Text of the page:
The Theological Significance
During the first century, the Jews employed four methods of capital punishment – stoning, burning, decapitation, and strangulation (Goldin, p. 141). But Jesus was executed according to Roman procedure. Aside from the political considerations, there were reasons for this.
First, Christ had to die in some fashion that involved the shedding of his blood, without which there could be no remission of sins (Heb. 9:22). Since the wages of sin is death (Rom. 6:23), man, by virtue of his transgression, forfeited his right to live. However, in the marvelous sacred scheme of things, it was determined that God’s Son would offer his life in exchange for man’s (1 Cor. 15:3). Inasmuch as the “life” (Heb. – nephesh) resides in the blood (Lev. 17:11), it was necessary for the Lord to shed his blood to effect redemption. Isaiah speaks of the Messiah’s “soul/life” (nephesh) being “poured out” unto death (53:10-12). Centuries later, the Savior said: “This is my blood of the covenant, which is poured out for many unto the remission of sins” (Mt. 26:28). The crucifixion thus accommodated a method of death consistent with the heavenly plan.
Second, under the Old Testament regime, hanging a body upon a tree was a special token of accursedness; “He that is hanged is accursed of God” (Dt. 21:23). J.H. Thayer noted that crucifixion was a most “ignominious punishment” designed for the “guiltiest criminals” (p. 586). By his death upon the cross, the Savior “was made a curse for us: for it is written: Cursed is everyone that hangeth upon a tree” (Gal. 3:13). It is significant that the “cross” is designated as a “tree” several times in the NT (Acts 5:30; 10:39; 1 Pet. 2:24). The Lord’s death by means of the crucifixion upon the cross, therefore, was a fitting symbol of the fact that he was hearing the “curse” and “shame” (Heb. 12:2) of sin for the human family.
All who so choose may take advantage of that wonderful gift (Rev. 22:17), by being immersed into Jesus’ death (Rom. 6:3-4).
The Cross as a Witness
There is a another brief but important point that must be made at this juncture. How was it that a mode of death so despised as “the cross” – became such a glorious badge of honor for Christians? The “word of the cross” was synonymous with the gospel (1 Cor. 1:18), and in that cross the early saints gloried.
Paul wrote: "But far be it from me to glory, save in the cross of our Lord Jesus Christ. . . " (Gal. 6:14; cf. Phil. 3:18; Col. 1:20). Why should such a hideous instrument of shame be transformed into an object of glory by the early Christians? Do men today honor the hangman’s noose, or the electric chair? Does anyone wear these emblems as an item of adornment? Hardly. It was because the cross “ceased to be an embarrassment _in the light of the resurrection”_ (Unmack, p. 152, emp. WJ). Had Jesus remained dead, the cross would have been forever an object of infamy. The cross, then, becomes a silent witness, an apologetic, for the authenticity of Christianity.
The Irony of History
When Pilate asked the Jews, “What then shall I do unto Jesus who is called the Christ?,” they screamed: “Crucify him! Crucify him!” (Mt. 27:22; Jn. 19:6). When the governor inquired as to the nature of Jesus’ crime, no answer was forthcoming – only the bloodthirsty echo, “Crucify him!” Pilate therefore symbolically washed his hands, thinking he would relieve himself of culpability. When the Jews saw this act, they all said: “His blood be on us, and on our children” (Mt. 27:25). Little did they fathom the implication of that request.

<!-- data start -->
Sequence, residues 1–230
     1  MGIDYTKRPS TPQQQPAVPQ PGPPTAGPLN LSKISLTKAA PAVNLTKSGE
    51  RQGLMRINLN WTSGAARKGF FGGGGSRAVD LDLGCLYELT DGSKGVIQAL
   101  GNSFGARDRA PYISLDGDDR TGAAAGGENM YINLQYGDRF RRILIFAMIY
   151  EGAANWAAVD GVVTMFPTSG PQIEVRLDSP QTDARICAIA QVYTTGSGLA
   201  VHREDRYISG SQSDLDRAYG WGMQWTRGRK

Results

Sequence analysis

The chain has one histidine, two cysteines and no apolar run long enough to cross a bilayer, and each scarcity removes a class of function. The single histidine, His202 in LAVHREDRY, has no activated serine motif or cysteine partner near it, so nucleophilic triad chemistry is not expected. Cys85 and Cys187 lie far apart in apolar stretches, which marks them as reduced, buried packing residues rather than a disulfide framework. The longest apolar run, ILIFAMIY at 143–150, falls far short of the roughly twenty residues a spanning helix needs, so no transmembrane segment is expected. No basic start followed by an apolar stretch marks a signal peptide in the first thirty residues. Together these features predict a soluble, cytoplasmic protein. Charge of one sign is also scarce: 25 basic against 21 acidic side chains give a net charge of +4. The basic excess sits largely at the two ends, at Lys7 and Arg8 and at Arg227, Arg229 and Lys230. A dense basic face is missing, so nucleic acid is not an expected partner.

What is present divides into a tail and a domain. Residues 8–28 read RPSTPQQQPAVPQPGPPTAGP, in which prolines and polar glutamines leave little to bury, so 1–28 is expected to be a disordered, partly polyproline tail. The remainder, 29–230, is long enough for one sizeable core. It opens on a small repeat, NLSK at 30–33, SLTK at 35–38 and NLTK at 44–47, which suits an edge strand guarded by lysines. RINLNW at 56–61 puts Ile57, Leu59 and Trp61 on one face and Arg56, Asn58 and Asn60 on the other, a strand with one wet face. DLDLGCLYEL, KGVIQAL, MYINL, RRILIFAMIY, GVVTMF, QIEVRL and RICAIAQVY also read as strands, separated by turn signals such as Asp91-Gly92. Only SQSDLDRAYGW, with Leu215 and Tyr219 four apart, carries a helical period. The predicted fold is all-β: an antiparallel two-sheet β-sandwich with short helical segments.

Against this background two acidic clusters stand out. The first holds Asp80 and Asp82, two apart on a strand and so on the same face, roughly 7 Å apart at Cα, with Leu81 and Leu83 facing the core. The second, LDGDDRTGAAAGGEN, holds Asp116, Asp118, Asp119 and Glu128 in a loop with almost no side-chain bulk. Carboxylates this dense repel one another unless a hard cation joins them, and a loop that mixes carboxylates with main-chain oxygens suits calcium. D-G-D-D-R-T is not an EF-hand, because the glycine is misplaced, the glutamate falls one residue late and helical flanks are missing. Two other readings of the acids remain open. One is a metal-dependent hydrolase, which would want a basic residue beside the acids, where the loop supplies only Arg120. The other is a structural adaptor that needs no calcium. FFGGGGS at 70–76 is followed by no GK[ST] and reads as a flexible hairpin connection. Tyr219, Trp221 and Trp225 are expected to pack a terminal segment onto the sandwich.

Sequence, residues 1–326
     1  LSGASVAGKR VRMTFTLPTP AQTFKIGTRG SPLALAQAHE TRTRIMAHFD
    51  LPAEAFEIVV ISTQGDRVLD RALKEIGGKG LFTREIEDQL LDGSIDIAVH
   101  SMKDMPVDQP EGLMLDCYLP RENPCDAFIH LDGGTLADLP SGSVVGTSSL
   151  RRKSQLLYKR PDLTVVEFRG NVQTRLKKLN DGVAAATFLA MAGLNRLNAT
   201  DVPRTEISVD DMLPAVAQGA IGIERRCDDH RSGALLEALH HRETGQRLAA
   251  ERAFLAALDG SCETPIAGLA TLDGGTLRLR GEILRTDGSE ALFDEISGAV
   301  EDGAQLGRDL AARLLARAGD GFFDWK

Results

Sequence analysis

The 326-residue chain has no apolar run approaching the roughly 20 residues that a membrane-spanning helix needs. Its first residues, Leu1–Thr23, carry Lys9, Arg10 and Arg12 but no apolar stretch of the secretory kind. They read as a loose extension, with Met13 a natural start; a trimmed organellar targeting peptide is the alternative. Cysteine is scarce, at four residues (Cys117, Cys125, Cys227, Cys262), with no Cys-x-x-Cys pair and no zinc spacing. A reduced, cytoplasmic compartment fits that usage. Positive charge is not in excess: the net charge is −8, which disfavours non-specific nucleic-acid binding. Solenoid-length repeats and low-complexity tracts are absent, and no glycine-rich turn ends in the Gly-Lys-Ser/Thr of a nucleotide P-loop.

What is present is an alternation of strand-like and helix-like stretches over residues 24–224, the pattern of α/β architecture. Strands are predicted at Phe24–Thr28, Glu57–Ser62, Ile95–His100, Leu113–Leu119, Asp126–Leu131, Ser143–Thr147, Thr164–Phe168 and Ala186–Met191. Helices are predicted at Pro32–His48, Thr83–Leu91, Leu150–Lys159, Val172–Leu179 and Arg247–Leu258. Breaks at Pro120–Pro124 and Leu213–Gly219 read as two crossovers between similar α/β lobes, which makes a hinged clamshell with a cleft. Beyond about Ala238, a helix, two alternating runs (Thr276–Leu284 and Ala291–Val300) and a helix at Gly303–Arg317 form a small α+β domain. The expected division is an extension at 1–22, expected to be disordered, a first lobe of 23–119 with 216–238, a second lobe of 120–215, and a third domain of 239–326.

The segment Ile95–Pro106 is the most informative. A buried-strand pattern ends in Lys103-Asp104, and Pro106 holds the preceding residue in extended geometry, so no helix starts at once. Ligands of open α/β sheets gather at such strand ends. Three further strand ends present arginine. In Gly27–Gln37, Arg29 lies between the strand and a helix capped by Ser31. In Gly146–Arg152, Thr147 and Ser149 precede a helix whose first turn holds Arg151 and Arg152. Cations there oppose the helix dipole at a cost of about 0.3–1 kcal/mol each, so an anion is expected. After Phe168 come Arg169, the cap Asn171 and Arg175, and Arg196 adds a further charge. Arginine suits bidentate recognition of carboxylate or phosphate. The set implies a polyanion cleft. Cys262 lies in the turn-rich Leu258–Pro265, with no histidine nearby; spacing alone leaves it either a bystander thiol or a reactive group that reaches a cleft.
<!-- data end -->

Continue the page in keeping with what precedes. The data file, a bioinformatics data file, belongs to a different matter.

In this culminating act of rebellion, the Jews were filling up “the measure” of their ancestors’ rebellion, and upon them full wrath would be visited (Mt. 23:31-36; 1 Thes. 2:14-16). Providentially, God would send “his armies” (the Romans) and destroy those murderers (Mt. 22:7; cf. 21:41).
When Rome’s forces marched against Jerusalem in the spring of AD. 70, it was the beginning of a bloodbath unrivaled in history (cf. Mt. 24:21). After a bitter six-month siege, vividly detailed by Josephus, the city fell. The Romans so despised the Jews that they crucified thousands of them – 500-a-day for many months (Tzaferis, p. 48). Josephus starkly says that “room was wanting for the crosses” (Wars 5.11.1). One cannot but be reminded of the maxim: “Whatsoever a man [or nation] sows, that shall he [it] also reap” (Gal. 6:7).
Scripture references: Luke 23:26; John 20:27; Ezekiel 23:42; Luke 23:33; Psalm 22:14-18; Isaiah 50:6; Psalm 22:16; Psalm 22:18; Psalm 69:21; John 19:32; Exodus 12:46; Psalm 34:20; John 19:33; 1 Corinthians 5:7; Isaiah 53:9; Matthew 27:57; Hebrews 9:22; Romans 6:23; 1 Corinthians 15:3; Leviticus 17:11; Matthew 26:28; Deuteronomy 21:23; Galatians 3:13; Acts 5:30, 10:39; 1 Peter 2:24; Hebrews 12:2; Revelation 22:17; Romans 6:3-4; 1 Corinthians 1:18; Galatians 6:14; Philippians 3:18; Colossians 1:20; Matthew 27:22; John 19:6; Matthew 27:25; Matthew 23:31-36; 1 Thessalonians 2:14-16; Matthew 22:7; Matthew 24:21; Galatians 6:7
- Bloomquist, Edward, M.D. (1964), “A Doctor Looks at the Crucifixion,” Christian Herald, March.
- Edwards, William, M.D., et al. (1986), Journal of the American Medical Association, March 21.
- Goldin, Hyman (1952), Hebrew Criminal Law (New York: Twayne Pub.).
- Kittel, G., ed. (1967), Theological Dictionary of the New Testament (Grand Rapids: Eerdmans), 10 Vols.
- Liddell, H.D. & Scott, Robert (1869), A Greek English Lexicon (Oxford: Clarendon).
- Thayer, J.H. (1956), A Greek-English Lexicon of the New Testament (Edinburgh: T.&T. Clark).
- Tzaferis, Fassillios (1985), Biblical Archaeology Review, January/February.
- Unmack, Robert (1999), Wycliffe Dictionary of Theology (Peabody, MA: Hendrickson).
- Vos, Howard (1999), New Illustrated Bible Manners & Customs (Nashville: Nelson).
- Zias, J., Sekeles, E., (1985), Israel Exploration Journal, 35.